Camden students rise to Coding Challenge
IBM’s Chief Executive (UK and Ireland), David Stokes, joined students from eight Camden secondary schools at the borough’s first-ever Coding Challenge event.
Mr Stokes presented medals for achievement to Year 8 students who completed a series of tasks, including programming Lego robots and Engduino devices, as well as talking to them about opportunities in the tech industry.
The event on Friday 10 July at the Camden Centre, King’s Cross, was a celebration of the innovative work to promote coding and computing – called ‘Get Camden Coding’ - in Camden schools, as well as the strong partnerships between schools, tech companies and universities in the borough.
Mr Stokes told students: "Technology is profoundly changing the way we work and live our lives. It presents a tremendous opportunity for those who develop the right digital skills, to drive world-leading innovation in the UK."
Colin Hamilton, head of computing at William Ellis School, said the Coding Challenge event was a “fun and exciting” way for students to participate in programming challenges.
Ros Fryer, head of computing at Acland Burghley School, said: “The students loved it. They have had a great day.”
Regent High School was the overall winner of the Coding Challenge, with Acland Burghley School finishing second. Hampstead School and Maria Fidelis School shared third place.
The other four schools taking part on the day were William Ellis, Camden School for Girls, Parliament Hill and La Sainte Union.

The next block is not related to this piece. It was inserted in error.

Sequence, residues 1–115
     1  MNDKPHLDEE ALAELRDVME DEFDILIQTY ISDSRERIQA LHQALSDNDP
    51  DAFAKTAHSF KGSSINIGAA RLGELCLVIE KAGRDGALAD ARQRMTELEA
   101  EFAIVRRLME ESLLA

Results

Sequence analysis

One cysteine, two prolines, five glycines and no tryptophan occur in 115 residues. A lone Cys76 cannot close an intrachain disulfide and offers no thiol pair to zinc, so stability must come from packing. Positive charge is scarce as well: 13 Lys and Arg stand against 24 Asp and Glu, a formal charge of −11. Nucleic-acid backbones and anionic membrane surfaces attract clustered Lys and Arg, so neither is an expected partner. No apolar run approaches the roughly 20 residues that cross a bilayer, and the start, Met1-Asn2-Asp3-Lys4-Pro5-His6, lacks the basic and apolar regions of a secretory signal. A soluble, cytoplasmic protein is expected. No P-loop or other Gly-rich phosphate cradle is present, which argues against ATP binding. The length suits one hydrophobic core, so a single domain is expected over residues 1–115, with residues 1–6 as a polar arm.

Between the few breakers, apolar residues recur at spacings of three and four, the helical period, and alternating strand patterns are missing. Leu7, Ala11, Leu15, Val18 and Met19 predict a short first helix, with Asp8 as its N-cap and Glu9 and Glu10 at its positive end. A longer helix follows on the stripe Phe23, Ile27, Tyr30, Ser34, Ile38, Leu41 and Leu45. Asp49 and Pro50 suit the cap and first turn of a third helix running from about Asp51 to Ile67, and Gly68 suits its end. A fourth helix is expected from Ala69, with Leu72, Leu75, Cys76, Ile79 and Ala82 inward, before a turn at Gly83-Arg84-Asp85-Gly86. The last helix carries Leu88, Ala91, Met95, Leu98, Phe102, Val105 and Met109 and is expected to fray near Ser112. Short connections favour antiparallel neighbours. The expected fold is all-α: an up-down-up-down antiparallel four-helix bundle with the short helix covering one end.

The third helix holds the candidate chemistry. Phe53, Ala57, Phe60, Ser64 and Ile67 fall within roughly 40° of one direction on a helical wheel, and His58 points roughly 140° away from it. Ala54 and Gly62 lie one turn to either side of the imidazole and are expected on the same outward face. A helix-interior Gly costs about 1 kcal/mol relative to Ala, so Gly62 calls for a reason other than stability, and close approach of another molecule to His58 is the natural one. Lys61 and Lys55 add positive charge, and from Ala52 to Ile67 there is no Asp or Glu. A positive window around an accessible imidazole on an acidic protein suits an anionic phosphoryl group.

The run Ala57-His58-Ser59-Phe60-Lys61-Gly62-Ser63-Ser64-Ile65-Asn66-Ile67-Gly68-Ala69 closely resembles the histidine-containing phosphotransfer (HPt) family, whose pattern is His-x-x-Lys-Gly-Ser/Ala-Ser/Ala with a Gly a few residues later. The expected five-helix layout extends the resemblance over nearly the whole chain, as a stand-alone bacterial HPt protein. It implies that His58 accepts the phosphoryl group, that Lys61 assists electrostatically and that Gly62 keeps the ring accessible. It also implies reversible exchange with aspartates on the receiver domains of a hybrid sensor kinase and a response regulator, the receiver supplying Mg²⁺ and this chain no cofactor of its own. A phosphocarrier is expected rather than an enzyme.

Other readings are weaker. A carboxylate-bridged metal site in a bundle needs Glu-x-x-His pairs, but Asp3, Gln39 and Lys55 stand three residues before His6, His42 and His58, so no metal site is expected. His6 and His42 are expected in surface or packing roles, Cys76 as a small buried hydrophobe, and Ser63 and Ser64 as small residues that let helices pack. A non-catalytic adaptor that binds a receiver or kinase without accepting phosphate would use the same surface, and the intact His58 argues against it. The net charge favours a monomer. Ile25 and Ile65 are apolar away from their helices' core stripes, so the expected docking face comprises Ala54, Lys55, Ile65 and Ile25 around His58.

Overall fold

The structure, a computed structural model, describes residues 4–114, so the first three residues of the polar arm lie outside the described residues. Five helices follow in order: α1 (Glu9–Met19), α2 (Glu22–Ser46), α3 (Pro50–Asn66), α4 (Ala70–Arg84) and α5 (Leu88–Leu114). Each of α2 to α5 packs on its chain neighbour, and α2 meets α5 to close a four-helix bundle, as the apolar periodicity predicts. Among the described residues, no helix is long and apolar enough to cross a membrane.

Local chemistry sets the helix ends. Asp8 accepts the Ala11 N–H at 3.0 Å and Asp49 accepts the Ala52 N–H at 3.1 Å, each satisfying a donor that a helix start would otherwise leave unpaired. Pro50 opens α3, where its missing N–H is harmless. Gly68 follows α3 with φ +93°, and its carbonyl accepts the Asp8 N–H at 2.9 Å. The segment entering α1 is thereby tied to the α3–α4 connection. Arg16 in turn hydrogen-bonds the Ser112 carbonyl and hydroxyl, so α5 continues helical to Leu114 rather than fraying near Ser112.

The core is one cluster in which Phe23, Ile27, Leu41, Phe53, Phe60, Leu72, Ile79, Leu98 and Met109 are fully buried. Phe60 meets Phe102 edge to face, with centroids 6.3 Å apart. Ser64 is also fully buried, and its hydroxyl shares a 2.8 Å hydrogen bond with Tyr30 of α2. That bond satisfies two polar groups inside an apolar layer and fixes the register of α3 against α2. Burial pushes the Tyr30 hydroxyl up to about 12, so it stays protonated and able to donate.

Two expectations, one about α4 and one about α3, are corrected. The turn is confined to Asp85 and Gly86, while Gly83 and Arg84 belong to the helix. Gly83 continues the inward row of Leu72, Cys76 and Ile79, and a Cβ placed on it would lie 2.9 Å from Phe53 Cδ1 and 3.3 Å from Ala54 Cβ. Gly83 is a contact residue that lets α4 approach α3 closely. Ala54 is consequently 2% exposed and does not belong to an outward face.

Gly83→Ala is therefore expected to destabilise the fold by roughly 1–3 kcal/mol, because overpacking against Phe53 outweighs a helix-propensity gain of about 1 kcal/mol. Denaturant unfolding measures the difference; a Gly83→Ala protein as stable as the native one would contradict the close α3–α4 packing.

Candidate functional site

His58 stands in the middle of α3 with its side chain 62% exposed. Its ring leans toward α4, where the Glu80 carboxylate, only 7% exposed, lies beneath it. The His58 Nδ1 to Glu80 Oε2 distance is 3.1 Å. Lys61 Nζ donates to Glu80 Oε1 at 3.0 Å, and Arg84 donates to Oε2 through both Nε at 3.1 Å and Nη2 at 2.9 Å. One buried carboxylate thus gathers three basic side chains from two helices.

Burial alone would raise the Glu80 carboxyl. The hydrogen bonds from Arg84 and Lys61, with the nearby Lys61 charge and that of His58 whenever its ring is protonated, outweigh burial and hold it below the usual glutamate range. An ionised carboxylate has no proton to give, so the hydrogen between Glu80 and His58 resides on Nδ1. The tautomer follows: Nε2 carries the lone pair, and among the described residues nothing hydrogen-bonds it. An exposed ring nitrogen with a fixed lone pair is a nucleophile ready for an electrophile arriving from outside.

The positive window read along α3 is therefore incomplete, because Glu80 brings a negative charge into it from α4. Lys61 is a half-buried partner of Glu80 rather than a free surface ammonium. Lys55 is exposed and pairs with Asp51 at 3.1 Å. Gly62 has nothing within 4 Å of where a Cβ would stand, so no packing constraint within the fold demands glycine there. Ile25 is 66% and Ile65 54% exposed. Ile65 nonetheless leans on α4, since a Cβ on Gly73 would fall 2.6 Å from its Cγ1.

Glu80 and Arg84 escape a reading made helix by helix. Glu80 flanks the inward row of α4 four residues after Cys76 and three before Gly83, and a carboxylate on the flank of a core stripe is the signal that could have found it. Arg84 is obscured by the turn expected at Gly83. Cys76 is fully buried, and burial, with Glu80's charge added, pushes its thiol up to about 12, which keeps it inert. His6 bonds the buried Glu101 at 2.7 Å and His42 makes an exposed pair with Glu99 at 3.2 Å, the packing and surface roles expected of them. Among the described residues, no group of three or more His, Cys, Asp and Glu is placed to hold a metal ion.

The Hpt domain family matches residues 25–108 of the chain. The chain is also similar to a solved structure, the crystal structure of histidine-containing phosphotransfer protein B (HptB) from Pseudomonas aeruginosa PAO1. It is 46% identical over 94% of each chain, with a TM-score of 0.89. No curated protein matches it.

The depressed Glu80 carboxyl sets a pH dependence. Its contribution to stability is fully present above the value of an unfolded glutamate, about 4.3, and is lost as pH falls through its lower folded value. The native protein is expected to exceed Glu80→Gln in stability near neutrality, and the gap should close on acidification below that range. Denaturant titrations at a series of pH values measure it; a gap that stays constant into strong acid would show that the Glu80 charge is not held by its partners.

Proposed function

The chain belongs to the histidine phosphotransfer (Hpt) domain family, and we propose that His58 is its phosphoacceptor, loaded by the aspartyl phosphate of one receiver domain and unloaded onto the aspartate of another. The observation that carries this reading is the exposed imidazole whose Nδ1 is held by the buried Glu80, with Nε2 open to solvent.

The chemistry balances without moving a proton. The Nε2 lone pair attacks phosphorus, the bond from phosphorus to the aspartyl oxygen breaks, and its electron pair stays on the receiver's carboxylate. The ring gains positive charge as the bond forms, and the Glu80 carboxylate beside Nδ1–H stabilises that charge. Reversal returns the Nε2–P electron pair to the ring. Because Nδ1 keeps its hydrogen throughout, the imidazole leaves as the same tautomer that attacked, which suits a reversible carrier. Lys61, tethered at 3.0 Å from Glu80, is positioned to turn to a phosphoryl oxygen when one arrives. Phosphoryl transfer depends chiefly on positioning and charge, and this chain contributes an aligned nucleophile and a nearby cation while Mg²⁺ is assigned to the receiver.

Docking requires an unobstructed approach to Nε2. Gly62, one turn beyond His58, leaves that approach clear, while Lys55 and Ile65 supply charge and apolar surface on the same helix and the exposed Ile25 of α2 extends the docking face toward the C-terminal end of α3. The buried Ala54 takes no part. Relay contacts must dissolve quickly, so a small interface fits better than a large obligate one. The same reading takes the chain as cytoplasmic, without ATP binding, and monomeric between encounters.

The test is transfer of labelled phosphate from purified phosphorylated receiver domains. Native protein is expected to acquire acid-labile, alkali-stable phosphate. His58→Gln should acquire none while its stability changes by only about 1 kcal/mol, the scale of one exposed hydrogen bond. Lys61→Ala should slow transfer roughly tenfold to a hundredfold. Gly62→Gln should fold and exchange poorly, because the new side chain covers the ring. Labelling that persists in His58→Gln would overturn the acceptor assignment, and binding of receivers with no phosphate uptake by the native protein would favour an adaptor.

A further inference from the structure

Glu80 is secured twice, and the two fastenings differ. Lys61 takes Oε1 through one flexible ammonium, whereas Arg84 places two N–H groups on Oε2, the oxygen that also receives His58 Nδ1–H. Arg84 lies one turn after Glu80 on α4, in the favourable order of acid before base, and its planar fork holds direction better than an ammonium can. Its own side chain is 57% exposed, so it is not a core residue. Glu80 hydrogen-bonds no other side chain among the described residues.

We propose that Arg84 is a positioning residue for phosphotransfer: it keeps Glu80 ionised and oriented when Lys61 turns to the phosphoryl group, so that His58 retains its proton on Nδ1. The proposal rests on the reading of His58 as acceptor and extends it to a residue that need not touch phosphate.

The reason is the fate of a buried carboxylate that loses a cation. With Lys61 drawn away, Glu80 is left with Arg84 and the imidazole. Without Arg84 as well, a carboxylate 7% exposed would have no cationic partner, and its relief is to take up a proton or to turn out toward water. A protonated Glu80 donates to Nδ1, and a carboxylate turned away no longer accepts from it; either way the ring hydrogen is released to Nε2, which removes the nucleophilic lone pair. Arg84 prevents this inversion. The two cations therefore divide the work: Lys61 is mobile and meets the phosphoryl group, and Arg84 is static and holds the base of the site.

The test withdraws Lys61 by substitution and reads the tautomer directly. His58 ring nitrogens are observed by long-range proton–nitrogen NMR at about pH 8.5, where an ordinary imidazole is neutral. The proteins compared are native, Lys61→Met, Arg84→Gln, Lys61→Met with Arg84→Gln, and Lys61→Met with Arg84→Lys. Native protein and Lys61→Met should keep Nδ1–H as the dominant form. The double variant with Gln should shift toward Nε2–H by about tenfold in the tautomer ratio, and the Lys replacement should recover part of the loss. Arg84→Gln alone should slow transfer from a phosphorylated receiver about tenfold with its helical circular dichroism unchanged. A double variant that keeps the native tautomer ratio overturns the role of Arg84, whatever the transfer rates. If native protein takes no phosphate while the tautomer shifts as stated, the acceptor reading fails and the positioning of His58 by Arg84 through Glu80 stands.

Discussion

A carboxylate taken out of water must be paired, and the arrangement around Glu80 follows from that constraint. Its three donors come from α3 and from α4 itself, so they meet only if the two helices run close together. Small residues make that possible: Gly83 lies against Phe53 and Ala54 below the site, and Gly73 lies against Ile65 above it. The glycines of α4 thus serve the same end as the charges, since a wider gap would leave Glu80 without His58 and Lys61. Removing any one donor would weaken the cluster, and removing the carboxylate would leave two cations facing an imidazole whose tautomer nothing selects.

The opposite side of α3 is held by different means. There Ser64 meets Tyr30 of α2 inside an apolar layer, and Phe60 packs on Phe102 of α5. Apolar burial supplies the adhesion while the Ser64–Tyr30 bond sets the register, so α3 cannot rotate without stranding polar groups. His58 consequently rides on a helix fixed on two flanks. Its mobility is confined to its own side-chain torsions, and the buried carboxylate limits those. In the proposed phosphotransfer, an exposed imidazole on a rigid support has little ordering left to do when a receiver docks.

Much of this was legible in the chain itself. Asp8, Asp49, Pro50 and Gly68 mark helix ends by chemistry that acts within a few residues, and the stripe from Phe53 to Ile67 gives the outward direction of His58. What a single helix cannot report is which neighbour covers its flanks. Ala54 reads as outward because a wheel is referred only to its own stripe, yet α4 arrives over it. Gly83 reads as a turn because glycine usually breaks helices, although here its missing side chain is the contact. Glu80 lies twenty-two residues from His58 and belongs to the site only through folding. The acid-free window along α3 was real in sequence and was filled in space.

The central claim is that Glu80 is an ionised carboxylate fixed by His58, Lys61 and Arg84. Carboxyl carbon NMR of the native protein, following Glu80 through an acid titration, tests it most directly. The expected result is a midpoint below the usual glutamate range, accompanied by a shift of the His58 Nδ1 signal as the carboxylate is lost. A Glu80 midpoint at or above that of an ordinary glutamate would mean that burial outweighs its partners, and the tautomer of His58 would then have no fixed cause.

As part of Get Camden Coding, the Council has invested £250,000 over three years in programmable robots and creative computing in secondary schools, which has helped to double students’ participation in computing related A-levels across our local secondary school sixth forms
All state secondary schools in the borough have been participating in a series of innovative lessons provided by specialist trainer, the Film and Video Workshop. The lessons, complemented by training for teachers, are part of a partnership with University College London’s Department of Computer Science.
The Council also runs a City Learning Centre for children and teachers to learn how to program and use the latest digital learning technologies.
“We need to start children early to get them excited by the new computing curriculum. We are doing that here in Camden by enabling children in primary and secondary schools to experiment with coding, manipulating robots and mini-computers, as well as multi-media applications, so they can see the practical uses of computer programming in daily life.
“Camden is home to very many creative industries at the cutting-edge of technology, from games to video special effects and the world’s leading hi-tech firms. We want children here to be able to work in those industries, not just be passive consumers of technology. We could be helping the future engineers of the driverless car!”
Simon Oatley, Director of the Film and Video Workshop, said: “No other local authority has invested in this way to inspire children to take up these aspects of the new computing curriculum, which involves using computer coding to manipulate objects.”
Halima Bhayat, head of ICT and computer science at Maria Fidelis School, said: “The students are learning how technology applies to the real world and how to problem-solve, which are valuable skills for university and the kinds of jobs they are likely to be applying for in the future.”
Camden Council has also established a network of lunch-time or after-school coding clubs in primary schools, in partnership with Code Club UK, UCL Engineering and Google. Seventy-five per cent of our primary schools are now either running or in the process of setting up a Code Club.
Camden Council was recently hailed ‘UK Digital City’ in the Municipal Journal (MJ) local government awards in recognition of our innovative use of new technology to improve the lives of residents and access to services.